Tuesday, January 6, 2015

The Interview: So After All That, Who Won?

Taking It Back
First off, this is not a review of "The Interview" starring Seth Rogen and James Franco. I haven't seen it yet. But, you've no doubt followed along in what has to be the most bizarre movie opening ever. If you lived under a rock and missed it, here's a recap. Set to open on Christmas Day, the movie was pulled back and rumored to never be released at all amid Sony's cyber attack and threats of violence on movie theaters that showed the movie. Sony suddenly found themselves criticized for allowing North Korea to dictate a movie's opening...including comments from President Obama. Next thing you know, on Christmas Eve, Sony relents and decides to release it on Christmas after all. It opened in theaters that decided to show it, as well as online.
The results after the first weekend were $2.8 million in the theater (now at $4.8 million in limited theaters)...and $15 million in online sales. It became the most downloaded over-the-top movie ever with 2 million downloads over the first 4 day weekend, Dec. 25-28 (read more here). Sales were close to the $20 million projected if it had a wide release to all theaters as originally planned. In the aftermath, there's now speculation that North Korea may not have been responsible for the Sony cyberattack after all. It may have been Russian speakers. Further rumors have accused the entire thing of being an elaborate marketing stunt by Sony. 

Given all of the hype, drama and success, who were the winners here? Let's take a look at the players:

  • Sony: It's too early to say whether they'll win out eventually. While the first weekend was successful, I've seen original overall projections as high as $120 million. I'm not sure they make that much. If it turns out to be an actually good movie (I've heard mixed reviews), it might. Or, it might fizzle out after the initial excitement and hype.

    As for rumors of this being all publicity, I don't think so. There's too much money at risk. Plus, there had been threats from North Korea for months about releasing the movie. I was actually surprised no one took any of it seriously until the last minute. This also does nothing but damage the U.S.'s relationship with North Korea.

  • North Korea: Almost, but nope. Whether they were responsible for the Sony cyber attack or not, they were taken seriously for a few minutes there. In the end though, Sony went ahead with the release and there was no violence. Was Kim Jong Un really going to waste the money and energy for a Seth Rogen/James Franco movie? Hard to say, but he's unstable enough to say "maybe".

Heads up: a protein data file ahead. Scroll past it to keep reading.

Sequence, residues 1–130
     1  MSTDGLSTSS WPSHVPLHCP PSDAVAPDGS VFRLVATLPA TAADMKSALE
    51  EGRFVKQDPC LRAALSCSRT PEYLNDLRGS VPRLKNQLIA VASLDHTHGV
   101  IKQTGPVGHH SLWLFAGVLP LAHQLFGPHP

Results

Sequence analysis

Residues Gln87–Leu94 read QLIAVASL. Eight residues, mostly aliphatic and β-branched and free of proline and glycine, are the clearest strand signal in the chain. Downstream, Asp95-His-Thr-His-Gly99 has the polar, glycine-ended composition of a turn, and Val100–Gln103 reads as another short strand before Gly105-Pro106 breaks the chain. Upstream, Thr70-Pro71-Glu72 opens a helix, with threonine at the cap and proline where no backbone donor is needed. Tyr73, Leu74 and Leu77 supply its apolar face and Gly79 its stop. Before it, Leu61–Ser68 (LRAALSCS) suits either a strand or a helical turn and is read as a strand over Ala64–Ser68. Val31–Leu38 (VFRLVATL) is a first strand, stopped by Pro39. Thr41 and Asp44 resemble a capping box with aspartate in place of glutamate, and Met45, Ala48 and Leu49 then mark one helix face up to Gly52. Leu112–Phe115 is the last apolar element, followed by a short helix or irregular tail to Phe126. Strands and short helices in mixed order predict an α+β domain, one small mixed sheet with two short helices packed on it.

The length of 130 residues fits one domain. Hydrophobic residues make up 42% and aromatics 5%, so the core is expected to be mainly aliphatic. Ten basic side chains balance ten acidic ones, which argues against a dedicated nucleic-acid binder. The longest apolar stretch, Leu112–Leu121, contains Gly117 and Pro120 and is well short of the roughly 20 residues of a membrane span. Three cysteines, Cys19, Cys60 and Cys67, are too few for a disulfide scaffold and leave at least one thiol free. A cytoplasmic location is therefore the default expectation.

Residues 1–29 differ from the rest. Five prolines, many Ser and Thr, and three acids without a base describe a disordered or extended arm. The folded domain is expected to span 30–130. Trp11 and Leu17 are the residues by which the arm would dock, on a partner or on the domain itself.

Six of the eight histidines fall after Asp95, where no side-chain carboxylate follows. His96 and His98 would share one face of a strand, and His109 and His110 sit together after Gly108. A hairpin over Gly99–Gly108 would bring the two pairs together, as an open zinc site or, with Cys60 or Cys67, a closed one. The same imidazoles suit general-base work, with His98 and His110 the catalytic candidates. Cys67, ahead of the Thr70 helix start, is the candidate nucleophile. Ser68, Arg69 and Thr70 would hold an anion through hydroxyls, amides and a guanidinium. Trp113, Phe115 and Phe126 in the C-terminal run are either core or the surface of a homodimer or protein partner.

• The American Government: No. They stood up for not backing down to threats, but they were defending a Seth Rogen/James Franco movie. Not much to be gained and not surprised they didn't come out too strongly. Although, they could have nipped this in the bud months ago before all of the drama.

  • Online Movie Ordering: With the 2 million downloads, "The Interview" is now considered a test case for simultaneous video on demand and theatrical release. I think this may be too much of an anomaly. While it may have gotten people to try online ordering that hadn't before, the strange set of events leading up to it are likely the reason for the success. I don't see this success being replicated on a "regular" movie release. 

  • Us, the viewing public: Again, I can't say. I haven't seen it and the reviews I've seen have been mixed. You could say we won by having the option to see it at all. But, if it's a bad movie, what did we really win?

  • Seth Rogen and James Franco: I'm not sure they won as much as they didn't lose. Not sure all the hubbub was worth it though. 

The way I see it, there was only one clear winner: George Clooney. His statement (read more here) was widely shared and supported on social media. For once, most of us agreed with what he had to say and took the time to read it. Good for you, George! Don't make it a habit though. Most of us don't care about your views on just about anything.
Oh, and partial winners were Trey Parker and Matt Stone as "Team America: World Police" was set to be the replacement movie shown in a few theaters...until Paramount smacked that idea down. It was a great idea and a great movie. How that was released with none of this drama, I'll never know. Puppets must not offend the North Koreans as much. Or, maybe they just thought the movie was as funny as we did! If you haven't seen it (or even if you have), check it out. 

Do you agree with my take? Did you see the movie yet? Did you like it? Tell us in the comments below. Thanks for reading and please share it with your friends! Have a great 2015!

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